EH: I believe in the possibility. I can’t sit here and tell you that I saw a ghost clearly last night and they said to say hello. I think there are other dimensions around us that we are yet to understand or even be able to comprehend. It’s like a computer. If you have one of those old computers that are very limited, it can’t process the newer stuff. Because it doesn’t have the capability. We have 5 senses and that’s it. I believe the universe is infinite so who knows how many other senses there are. In our realm of 5 senses it doesn’t exist. I think it would be very foolish to believe there is not something else going on. So I believe in the possibility but it’s not something that I go around in pursuit of. I’m not fascinated by it. I figure sooner or later we’ll all know for sure.
Wasn’t that just….OH MY GOD ERNIE HUDSON!!! Well I got that out. I really do hope I never loose that light when I meet a celebrity for the first time. Such a good feeling. The ironic thing is of course in most cases I’ve met the actually character they portrayed. That is a story for another time though Darlings. One does not explain the multiverse in one sitting…Tomorrow I will have so HHN 23 updates. Catch you up on all that has happened. I ask all of you to keep Andrea Albin of ADA Management and Promoter of Fatality Fest in your thoughts, prayers, or what ever you do individually to send good vibes. She was in a car accident last night. Now from what I hear, she is okay. She just needs some recoup time. I’ll keep you all posted. She’s a fighter though! That lass has got a lot of moxie and I don’t think she will let this keep her down for long. Get better soon Andrea…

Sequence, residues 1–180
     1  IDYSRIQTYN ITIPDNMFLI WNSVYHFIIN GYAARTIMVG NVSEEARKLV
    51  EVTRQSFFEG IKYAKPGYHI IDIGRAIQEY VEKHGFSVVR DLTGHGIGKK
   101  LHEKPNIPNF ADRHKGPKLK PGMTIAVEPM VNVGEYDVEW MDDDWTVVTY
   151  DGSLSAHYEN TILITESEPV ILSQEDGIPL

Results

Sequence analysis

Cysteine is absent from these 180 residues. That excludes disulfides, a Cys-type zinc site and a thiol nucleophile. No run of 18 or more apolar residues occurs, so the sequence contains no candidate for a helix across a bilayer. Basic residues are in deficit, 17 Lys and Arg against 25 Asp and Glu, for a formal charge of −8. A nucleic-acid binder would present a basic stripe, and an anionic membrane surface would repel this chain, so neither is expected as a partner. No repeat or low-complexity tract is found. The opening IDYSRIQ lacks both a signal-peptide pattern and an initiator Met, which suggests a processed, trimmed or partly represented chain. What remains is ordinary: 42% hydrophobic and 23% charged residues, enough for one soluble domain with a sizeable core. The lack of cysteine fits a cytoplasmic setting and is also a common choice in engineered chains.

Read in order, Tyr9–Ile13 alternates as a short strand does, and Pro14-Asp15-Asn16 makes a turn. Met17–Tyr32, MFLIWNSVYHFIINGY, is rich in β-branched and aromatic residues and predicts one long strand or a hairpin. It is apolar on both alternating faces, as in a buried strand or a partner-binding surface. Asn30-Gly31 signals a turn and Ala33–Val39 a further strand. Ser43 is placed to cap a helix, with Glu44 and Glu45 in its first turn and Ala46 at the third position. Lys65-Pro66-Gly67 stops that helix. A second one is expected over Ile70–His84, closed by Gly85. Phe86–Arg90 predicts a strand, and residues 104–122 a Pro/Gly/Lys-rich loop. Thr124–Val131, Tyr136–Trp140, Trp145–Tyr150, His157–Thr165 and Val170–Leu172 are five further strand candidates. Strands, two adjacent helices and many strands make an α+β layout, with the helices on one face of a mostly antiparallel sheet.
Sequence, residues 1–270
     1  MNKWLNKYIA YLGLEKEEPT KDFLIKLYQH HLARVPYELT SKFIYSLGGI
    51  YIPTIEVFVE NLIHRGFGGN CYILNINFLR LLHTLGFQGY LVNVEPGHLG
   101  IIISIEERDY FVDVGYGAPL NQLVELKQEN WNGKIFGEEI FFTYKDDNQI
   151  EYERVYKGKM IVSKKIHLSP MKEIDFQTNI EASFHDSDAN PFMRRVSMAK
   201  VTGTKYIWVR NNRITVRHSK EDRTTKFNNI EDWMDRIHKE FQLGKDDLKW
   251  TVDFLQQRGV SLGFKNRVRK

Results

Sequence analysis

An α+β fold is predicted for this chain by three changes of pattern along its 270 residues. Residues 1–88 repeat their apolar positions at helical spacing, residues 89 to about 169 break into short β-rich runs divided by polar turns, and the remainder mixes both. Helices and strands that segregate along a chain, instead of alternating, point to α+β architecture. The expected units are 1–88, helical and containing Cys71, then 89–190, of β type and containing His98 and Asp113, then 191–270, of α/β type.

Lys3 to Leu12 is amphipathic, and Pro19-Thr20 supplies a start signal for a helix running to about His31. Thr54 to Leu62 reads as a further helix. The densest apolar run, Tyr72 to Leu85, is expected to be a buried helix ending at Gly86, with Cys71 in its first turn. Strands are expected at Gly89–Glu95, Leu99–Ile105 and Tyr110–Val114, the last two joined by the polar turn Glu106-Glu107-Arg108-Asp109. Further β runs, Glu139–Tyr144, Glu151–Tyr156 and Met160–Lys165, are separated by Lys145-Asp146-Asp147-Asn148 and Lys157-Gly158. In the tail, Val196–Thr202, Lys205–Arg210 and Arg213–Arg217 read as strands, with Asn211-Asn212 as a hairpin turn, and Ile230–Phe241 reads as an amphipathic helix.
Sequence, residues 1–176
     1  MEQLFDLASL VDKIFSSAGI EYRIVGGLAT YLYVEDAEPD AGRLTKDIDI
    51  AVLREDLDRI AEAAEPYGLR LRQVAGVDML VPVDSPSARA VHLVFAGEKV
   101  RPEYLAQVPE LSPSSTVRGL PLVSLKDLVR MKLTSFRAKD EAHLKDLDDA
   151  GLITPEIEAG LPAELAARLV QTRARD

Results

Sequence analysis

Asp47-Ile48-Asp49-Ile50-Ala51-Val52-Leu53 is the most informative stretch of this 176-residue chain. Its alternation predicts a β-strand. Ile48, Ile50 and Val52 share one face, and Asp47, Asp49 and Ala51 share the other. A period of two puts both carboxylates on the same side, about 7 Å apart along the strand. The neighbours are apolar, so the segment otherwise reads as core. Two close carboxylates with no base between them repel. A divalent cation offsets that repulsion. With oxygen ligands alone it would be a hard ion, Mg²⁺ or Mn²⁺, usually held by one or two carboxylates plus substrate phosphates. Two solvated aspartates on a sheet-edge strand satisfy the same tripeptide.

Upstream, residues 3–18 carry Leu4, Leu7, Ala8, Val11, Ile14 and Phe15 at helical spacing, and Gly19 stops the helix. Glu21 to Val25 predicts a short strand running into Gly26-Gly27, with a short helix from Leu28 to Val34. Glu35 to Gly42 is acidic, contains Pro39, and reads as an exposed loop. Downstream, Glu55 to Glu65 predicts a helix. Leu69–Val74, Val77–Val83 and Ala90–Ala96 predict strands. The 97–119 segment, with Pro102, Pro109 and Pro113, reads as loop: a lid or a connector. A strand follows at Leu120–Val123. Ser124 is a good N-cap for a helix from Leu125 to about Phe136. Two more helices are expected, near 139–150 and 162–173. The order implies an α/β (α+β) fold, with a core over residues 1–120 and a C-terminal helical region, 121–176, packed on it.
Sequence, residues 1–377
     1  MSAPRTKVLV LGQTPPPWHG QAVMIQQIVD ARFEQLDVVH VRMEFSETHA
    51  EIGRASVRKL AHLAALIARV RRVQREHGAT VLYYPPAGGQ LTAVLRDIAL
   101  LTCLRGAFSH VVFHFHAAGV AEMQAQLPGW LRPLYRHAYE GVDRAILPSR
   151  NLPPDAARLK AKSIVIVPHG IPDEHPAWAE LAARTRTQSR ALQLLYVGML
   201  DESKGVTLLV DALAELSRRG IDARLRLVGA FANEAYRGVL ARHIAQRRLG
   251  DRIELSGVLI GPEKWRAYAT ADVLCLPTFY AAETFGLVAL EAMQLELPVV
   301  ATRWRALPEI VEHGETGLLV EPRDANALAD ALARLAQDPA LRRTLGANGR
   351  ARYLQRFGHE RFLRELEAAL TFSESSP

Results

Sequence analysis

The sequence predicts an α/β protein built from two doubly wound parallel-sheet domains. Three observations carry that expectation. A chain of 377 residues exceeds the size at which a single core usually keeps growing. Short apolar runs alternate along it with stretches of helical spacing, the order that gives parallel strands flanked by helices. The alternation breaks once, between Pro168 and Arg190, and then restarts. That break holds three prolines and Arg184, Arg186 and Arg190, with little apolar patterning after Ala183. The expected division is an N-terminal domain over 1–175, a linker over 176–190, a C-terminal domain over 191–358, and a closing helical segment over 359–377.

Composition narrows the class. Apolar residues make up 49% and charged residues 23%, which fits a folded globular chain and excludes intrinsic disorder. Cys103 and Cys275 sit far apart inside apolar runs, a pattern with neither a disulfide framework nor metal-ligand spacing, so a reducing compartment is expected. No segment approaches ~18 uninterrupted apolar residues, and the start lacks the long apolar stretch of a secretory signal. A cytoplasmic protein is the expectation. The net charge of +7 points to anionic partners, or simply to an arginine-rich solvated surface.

Until Next Time, My Freaky Darlings,
Hey there, Darlings! All of you I’m sure by now are very familiar with the indie film, Mr. Hush. So far I’ve interviewed nearly the entire main cast. I’m only missing two in my collection (yes I collect interviews and you should all be so lucky I don’t collect humans. The reason I don’t? Have to feed and shelter you…Apparently humans don’t like a crystal box on the high shelf…hmm…) at Fatality Fest, I added one more to my list. None other than Scream Queen Jessica Cameron! She is a real jewel Darlings! I urge you if she is at a show that you are at, stop by. She acts, she directs, she produces, she writes, she makes jewelry….She is the horror communities equivalent to a freakin’ Barbie! We didn’t just talk Hush though…no we chatted about some other very cool things she had in the works. Top Hats on Darlings! Have a shot of Jager…
Cthulhu Save the Queen…The Scream Queen
Malice Psychotik: How many films have you done?
Jessica Cameron: I have done currently over 70 different independent projects. That includes web series, tv shows (both network and non), I have done pilots, independent films, pretty much if you can shoot it, I’ve done it. Except for porn. That is available for viewing haha!